One of the many positive things to come out of Sleepy Hollow’s public hearings on Lighthouse Landing, was the opportunity to speak with Nick Robinson. He joined the Planning Board when Don Stever stepped down to become a Trustee and has been its Chairman for the past four years.
Mr. Robinson’s specialty is environmental law and land development. He teaches Environmental Law at Pace University’s School of Law and actually helped develop the field of Environmental Law. "I went to Columbia Law School and graduated in 1970. Environmental Law didn’t exist then so I began applying law to questions of the environment and nature conservation," he said. In 1977 Pace University needed someone to develop its Environmental Law program and they chose Nick Robinson.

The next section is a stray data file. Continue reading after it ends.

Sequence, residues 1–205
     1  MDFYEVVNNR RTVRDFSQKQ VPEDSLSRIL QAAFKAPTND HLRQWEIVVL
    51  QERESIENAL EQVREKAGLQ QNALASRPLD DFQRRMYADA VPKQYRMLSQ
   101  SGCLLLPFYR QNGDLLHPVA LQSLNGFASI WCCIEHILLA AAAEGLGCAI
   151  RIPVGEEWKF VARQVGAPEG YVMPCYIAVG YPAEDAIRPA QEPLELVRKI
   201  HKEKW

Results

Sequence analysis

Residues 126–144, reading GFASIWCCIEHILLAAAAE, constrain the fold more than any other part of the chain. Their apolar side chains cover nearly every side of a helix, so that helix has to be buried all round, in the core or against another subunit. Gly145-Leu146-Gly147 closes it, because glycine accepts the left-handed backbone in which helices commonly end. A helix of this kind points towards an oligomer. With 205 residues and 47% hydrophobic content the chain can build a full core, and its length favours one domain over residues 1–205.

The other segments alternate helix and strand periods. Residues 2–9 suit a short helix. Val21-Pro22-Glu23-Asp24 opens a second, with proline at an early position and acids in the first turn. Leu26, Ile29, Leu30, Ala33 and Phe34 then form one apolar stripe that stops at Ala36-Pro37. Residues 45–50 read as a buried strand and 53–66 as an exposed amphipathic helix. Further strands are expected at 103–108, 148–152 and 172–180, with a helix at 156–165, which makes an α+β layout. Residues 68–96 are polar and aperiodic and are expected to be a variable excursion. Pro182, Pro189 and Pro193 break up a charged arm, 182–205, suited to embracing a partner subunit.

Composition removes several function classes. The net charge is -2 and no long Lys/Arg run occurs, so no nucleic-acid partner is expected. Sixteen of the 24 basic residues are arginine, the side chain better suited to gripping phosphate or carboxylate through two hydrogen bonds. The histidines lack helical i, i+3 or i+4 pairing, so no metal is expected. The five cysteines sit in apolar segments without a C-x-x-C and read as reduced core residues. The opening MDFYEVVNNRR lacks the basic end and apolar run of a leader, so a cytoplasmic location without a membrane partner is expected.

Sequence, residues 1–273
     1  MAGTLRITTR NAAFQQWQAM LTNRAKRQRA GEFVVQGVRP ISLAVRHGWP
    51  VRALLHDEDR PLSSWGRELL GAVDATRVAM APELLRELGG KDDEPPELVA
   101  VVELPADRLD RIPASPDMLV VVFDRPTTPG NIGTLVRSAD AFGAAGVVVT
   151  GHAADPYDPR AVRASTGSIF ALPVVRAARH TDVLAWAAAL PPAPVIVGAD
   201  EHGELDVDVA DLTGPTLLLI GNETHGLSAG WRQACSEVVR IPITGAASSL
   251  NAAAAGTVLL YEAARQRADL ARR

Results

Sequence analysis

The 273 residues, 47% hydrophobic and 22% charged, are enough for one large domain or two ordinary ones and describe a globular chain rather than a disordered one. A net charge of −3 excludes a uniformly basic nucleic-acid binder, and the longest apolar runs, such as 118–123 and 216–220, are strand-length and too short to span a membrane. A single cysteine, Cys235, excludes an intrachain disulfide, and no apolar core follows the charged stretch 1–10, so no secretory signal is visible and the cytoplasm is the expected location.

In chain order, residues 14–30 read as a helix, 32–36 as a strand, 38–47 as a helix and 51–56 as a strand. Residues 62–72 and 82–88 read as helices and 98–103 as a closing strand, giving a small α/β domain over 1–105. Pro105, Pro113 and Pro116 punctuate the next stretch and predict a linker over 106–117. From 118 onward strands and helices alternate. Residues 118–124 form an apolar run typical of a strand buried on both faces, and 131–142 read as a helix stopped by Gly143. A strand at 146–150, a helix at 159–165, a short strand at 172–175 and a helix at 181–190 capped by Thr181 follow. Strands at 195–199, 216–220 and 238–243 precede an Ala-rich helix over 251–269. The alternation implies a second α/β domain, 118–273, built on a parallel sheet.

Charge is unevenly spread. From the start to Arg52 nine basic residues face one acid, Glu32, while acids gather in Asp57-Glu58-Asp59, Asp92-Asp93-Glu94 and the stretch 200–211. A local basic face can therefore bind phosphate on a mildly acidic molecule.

Lighthouse Landing encompasses a whole range of issues in Robinson’s area of law. "You have the Hudson River, Kingsland Point Park with park conservation questions, historic preservation issues regarding the Lighthouse, the old Dutch settlements, and the Pocantico River. You also have the questions of brownfield development and hazardous waste remediation. There are also the questions of mass transit, zoning and land use planning. All of this is basically what I teach," he said. When asked to "step up to the plate" and put his expertise to work, he was happy to do it. He and the six other members of Sleepy Hollow’s Planning Board have Mayor Zegarelli’s ear and, by his own account, the Mayor is fortunate to have a man of Robinson’s ability and dedication.